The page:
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I stumbled across an old Monty Python sketch the other day that plays with words pleasing to the ear (‘woody’) or displeasing (‘tinny’). I chortled (nice woody word) but then started thinking about wood and science – we don’t often associate the two and we’re culturally conditioned to associate wood with words like ‘old’: and ‘amateur’; But appearances can be deceptive as the Mosquito aircraft demonstrated. It may have resembled its alloy contemporaries of World War 2 but its sleek exterior cloaked a strong, […]

London is the space insurance capital of the world. If you have a £150m satellite to cover then you’ll probably end up talking to an underwriter based at Lloyd’s in the City. I was mulling this over as I gazed up at Nelson on top of his column in Trafalgar Square the other day – I’d been taking a small detour to see what was going on in Downing Street – it was the morning after the general election. As I […]

If ‘in space, no one can hear you scream’, as the publicity for the film Alien says, then certainly no one can hear Country music. Except, that is, if they are in a spaceship. Outer space is a vacuum and – like Neil Armstrong, Buzz Aldrin and Michael Collins, the Apollo 11 crew – you can travel through it in a private capsule of sound. Each of the astronauts was allowed to take one tape on the mission, and Country music was […]

Recently I received an email alerting me to the launch of the United States Air Force’s X-37B spaceplane, a winged, unmanned mini-shuttle capable of reaching orbit and then returning autonomously to Earth. Earlier that day I had been looking at 1960s military wave rider wind-tunnel models at the Science Museum’s main store. A wave rider is a particular design of aerodynamic wing – for planes and missiles travelling at hypersonic speeds (at least five times the speed of sound) – in which […]

What’s in a name? I ask with the new ‘United Kingdom Space Agency’ in mind. The ‘muscular’ new space agency was launched with a new punchy logo but, I fear, a rather weak name. We might shorten it to something pronounced UK-SAR or perhaps to a simple abbreviation reading YOO-KAY-ESS-AY. Back in the 60s a fair chunk of UK space research was carried out at the Royal Aircraft Establishment (RAE – pronounced AR-AY-EE) in Farnborough, Hampshire. The Science Museum has […]

So, what’s the connection between contact lenses and rocket engines? The answer, I probably don’t hear you cry, is hydrogen peroxide and cleanliness. You see, to clean my newly acquired contacts involves bathing them overnight in a solution of hydrogen peroxide. Peroxide is a pretty powerful chemical agent and disinfects the lenses in 6 hours. If you put your lenses in too soon the still active chemical will turn on your eyeballs and cause them to gush tears like Gordon Ramsay’s […]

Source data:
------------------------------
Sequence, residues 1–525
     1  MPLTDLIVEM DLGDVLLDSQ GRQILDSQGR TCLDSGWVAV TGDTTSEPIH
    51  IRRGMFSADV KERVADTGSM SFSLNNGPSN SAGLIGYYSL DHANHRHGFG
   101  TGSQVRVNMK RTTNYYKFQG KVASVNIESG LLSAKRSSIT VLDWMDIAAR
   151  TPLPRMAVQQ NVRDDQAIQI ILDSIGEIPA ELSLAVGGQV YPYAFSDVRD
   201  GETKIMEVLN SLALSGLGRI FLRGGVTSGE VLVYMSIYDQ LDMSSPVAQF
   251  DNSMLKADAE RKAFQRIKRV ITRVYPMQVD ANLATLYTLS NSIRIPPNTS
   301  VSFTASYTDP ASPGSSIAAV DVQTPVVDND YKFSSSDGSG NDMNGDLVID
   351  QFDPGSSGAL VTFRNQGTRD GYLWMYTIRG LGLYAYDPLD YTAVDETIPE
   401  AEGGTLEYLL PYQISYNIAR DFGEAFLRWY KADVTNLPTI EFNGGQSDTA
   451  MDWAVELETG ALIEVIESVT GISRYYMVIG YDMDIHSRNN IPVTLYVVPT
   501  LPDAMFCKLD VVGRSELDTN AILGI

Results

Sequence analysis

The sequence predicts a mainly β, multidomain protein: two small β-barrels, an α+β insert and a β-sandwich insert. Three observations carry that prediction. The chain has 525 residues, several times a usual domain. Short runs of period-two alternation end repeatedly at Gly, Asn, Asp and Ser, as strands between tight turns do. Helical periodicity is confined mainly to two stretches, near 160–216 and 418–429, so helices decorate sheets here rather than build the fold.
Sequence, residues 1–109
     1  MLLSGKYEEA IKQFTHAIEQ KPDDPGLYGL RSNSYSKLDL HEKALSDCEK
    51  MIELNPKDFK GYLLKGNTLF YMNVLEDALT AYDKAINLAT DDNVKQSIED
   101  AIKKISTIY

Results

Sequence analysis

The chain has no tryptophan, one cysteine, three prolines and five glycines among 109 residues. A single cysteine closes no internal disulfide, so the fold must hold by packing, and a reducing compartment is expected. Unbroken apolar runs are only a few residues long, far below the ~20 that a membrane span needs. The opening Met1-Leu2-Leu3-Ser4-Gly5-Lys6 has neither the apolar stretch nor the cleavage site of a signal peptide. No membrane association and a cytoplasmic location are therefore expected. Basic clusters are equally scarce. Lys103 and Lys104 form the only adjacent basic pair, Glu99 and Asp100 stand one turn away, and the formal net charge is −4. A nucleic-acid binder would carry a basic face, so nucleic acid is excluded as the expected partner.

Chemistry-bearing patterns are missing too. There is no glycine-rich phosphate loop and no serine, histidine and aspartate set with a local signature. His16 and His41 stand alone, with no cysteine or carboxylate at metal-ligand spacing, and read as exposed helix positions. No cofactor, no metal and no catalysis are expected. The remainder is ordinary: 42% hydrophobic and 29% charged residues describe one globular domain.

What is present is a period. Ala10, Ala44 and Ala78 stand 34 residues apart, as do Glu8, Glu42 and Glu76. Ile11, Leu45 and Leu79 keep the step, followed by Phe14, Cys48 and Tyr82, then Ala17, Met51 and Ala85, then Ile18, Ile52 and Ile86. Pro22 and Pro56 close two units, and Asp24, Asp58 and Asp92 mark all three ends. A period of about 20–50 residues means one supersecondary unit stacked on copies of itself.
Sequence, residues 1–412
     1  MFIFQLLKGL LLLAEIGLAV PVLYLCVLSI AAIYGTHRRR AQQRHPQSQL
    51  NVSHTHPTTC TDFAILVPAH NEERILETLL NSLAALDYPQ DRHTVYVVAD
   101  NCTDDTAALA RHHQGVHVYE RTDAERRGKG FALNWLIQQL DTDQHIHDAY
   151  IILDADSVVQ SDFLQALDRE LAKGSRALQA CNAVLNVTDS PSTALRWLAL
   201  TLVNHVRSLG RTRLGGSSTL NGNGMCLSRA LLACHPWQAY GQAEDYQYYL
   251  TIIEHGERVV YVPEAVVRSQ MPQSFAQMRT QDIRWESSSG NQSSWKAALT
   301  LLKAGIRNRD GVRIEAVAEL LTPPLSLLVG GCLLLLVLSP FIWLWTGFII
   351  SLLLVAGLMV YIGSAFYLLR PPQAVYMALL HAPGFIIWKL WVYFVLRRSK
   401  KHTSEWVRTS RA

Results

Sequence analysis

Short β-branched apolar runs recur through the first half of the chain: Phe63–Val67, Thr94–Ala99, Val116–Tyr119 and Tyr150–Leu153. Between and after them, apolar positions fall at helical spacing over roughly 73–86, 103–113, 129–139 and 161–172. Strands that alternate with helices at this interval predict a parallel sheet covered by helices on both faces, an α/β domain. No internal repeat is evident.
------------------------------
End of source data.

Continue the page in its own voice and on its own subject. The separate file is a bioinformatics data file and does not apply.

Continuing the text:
I had decided to write a few lines on a Museum object called Silverbird. On a whim I asked Wikipedia to show me what it could find and I was delighted to learn also of a similarly named passerine bird native to Eastern Africa, a former software label of BT from the mid 1980s and even Leo Sayer’s debut album. Despite such tempting distractions I decided to stick with my Silverbird, or the more accurately named Silbervogel, the Museum’s scale […]

While growing up, when I wasn’t busy playing with hammers, I was intrigued by the Moon and I would act out Lego explorations of the Lunarscape. Two interests that that I have in common with engineer James Hall Nasmyth – whose invention of the steam hammer I explored in an earlier post. Astronomy was one of Nasmyth’s passions and when he retired in 1856, he had more time to devote to scientific investigation. He used this 20-inch reflecting telescope for […]

Eighty years ago today, a young American astronomer discovered tiny Pluto. Clyde Tombaugh was searching for a predicted ‘Planet X’ that might explain oddities in the orbits of Neptune and Uranus. Tombaugh spent months painstakingly photographing the same sections of sky and studying the images with a blink comparator. On 18 Feburary 1930, he noticed that on photographs taken a few nights apart that January, one ‘star’ had moved, indicating that it was actually a nearby object moving against the fixed […]

It’s a real privilege to get right up close to an object; being able to read an inscription; noticing the wear and tear; discovering an unexpected little detail. A few years ago I examined the Museum’s Beta 1 – a late 1940s rocket engine – and spotted the letters ‘T STOFF INLET’ inlet stamped on one of the valves. This British engine was a precursor to those used on the Black Arrow space rocket and I knew of its German ancestry […]

A big hello from SFTS to astronaut  Dr. Nicholas Patrick, who’s aboard the current Shuttle mission to the International Space Station. He’ll be carrying out three spacewalks during the mission, helping to fit new modules including the station’s snazzy new observation dome. Nick officially opened our revamped Space gallery a few years ago – here he is with our replica of the Apollo 11 lunar module. Astronauts are allowed to take some personal items with them. Nick has chosen some memorabilia of Captain Cook, […]

With President Obama’s new NASA budget proposals to slash the Constellation programme, it might be a while longer before someone adds their footprints to the last left on the lunar surface by Gene Cernan in 1972. But in the meantime, here’s a virtual journey to the Moon, via our collections. One of the reasons given for cancelling Constellation was lack of design innovation. Perhaps NASA’s engineers should take inspiration from this ingenious method of transport from 1648: However and whenever they get there, […]

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